As the Complete Streets movement grows, it is inevitable that some people will misunderstand what it is all about. That appears to be the case with Topeka, Kansas. The city levied a half-cent sales tax to be used for road maintenance and improvements (including sidewalks). Hope was high that this would be an opportunity to begin to complete Topeka’s streets; community groups had sponsored a Complete Streets Workshop in June for city planners and engineers and even held a community pep rally for the concept. But a couple of weeks ago, city manager Norton Bonaparte made a distinction between road repairs, such as filling potholes, and “Complete Streets elements,” declaring that the road repairs would be funded through the bond measure, but “Complete Streets elements” that added “extra costs” would not. The City Council will need to come up with extra funds for these elements, and he proposed budgeting $100,000 annually from general funds.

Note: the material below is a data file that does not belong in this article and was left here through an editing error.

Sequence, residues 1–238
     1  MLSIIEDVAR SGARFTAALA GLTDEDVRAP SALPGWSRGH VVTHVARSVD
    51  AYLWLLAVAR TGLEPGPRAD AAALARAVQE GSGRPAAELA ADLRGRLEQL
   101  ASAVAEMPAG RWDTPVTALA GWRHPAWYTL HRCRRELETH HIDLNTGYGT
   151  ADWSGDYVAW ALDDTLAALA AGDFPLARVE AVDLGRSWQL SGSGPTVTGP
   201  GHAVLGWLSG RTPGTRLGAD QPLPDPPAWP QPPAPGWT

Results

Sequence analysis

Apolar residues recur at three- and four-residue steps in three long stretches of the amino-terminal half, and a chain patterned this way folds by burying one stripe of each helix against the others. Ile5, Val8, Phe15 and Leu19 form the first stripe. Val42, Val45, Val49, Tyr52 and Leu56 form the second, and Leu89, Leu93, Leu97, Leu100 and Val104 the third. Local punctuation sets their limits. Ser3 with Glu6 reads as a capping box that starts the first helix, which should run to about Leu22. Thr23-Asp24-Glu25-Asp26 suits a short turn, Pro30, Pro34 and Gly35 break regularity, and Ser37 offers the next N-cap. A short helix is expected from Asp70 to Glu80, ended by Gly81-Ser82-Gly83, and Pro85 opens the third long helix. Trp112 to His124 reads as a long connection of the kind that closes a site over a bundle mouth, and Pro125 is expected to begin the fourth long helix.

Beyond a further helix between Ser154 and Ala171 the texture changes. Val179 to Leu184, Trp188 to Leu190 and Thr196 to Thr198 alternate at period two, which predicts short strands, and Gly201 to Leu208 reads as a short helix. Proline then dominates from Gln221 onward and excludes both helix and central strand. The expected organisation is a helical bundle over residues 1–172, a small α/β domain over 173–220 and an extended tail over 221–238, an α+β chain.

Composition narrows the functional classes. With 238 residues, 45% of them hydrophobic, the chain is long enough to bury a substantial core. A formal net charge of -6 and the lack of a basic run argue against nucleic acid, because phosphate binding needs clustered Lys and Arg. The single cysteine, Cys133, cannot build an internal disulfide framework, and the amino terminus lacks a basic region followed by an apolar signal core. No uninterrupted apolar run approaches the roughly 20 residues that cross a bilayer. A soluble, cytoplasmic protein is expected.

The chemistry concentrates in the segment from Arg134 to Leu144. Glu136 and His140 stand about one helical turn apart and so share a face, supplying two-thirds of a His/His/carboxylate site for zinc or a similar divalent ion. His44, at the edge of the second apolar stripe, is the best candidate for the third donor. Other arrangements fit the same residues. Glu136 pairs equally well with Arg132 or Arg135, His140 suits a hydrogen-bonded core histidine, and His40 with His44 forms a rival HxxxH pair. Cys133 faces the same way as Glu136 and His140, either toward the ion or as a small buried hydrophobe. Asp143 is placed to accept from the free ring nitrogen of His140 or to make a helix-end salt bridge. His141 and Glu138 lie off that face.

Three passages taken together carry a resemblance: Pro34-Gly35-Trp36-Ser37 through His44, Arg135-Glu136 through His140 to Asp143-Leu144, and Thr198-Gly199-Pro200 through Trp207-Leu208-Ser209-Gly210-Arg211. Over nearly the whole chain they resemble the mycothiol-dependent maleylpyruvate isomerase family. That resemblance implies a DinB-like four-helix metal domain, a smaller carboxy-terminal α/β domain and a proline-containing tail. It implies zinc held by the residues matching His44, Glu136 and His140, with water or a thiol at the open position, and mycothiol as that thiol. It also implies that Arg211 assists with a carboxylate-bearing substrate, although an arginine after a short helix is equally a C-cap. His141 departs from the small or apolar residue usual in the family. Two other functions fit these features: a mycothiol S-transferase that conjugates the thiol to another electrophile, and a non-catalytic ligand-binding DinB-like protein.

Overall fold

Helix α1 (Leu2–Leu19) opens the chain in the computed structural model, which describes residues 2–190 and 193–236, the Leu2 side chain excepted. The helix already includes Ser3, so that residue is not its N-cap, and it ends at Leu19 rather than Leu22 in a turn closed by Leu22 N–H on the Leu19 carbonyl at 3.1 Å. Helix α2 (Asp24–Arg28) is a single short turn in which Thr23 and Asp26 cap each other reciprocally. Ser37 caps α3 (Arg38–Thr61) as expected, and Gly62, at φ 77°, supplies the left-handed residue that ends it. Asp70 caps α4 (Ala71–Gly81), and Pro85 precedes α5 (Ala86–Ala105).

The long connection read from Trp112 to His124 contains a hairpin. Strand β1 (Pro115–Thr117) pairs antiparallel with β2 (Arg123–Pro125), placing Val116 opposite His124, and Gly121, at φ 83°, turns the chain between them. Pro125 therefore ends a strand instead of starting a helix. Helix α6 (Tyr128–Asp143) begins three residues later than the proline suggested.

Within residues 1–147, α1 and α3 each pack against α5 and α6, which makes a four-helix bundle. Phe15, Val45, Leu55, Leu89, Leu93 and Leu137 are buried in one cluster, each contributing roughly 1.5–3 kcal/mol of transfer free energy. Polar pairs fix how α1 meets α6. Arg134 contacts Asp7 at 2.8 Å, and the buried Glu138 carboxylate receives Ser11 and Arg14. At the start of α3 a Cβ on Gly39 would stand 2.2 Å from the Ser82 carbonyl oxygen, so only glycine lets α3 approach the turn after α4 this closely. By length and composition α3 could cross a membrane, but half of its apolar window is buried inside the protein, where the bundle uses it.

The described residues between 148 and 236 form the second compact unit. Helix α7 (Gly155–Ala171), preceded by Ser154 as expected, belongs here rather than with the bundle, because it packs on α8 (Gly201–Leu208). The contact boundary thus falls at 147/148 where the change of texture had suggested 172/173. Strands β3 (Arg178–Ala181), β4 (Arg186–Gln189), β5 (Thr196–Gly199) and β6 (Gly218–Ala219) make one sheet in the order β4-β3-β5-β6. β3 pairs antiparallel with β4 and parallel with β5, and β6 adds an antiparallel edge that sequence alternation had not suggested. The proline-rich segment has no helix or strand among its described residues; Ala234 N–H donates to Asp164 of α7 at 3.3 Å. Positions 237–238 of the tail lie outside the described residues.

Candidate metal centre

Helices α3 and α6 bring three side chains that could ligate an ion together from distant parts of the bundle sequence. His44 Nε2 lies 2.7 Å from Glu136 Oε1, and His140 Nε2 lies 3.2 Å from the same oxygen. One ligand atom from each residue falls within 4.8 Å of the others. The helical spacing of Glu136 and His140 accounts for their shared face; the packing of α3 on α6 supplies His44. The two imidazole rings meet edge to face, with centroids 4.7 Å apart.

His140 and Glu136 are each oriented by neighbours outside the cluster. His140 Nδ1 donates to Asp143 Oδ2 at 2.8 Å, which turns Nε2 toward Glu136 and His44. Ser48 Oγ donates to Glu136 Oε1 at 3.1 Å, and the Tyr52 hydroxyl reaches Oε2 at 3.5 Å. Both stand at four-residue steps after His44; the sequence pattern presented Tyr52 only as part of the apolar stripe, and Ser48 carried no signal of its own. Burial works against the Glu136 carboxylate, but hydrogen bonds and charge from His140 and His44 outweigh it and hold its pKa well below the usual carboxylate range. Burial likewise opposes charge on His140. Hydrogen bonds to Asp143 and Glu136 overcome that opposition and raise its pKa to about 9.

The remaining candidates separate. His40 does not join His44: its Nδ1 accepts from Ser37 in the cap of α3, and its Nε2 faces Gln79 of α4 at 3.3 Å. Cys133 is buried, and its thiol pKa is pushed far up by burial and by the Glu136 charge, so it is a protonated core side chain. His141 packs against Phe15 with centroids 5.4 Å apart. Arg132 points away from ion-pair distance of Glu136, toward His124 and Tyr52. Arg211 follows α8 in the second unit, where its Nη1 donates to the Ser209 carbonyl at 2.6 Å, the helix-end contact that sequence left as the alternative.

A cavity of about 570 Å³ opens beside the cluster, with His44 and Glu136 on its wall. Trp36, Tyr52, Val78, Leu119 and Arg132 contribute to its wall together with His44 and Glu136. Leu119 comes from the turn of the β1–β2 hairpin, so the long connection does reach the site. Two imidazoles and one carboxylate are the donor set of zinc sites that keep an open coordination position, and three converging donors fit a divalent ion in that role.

Bonaparte was making common mistake by using Complete Streets as a synonym for the bicycle/pedestrian/transit features of a roadway. Of course that is not what Complete Streets means – it means routinely considering the needs of all road users in each road project, with the expectation that the available funding is meant to create a complete transportation corridor. By definition, Complete Streets is the opposite of having to find special funds for road users other than automobiles.
Unfortunately, we have seen this misunderstanding repeated in a subtler way, when people who seem enthusiastic about Complete Streets then shake their heads, saying their community can’t afford it; it is clear they are still thinking of non-motorized and transit elements as ‘extra amenities.’ In fact, adopting a Complete Streets policy is a shift in priorities to include the needs of all road users. Most communities have found that increased costs are negligible; others have found ways to phase in improvements over time, and many have decided that creating a quality road that serves everyone creates better long-term value and contributes to community livability.
So we invite the city manager to either change his stance or at least say what he really means: that the sales tax investments will not cover the needs of non-motorized users or transit patrons. It is clear that Topeka is a long way from having a Complete Streets approach in its transportation program, but we hope that will change with time.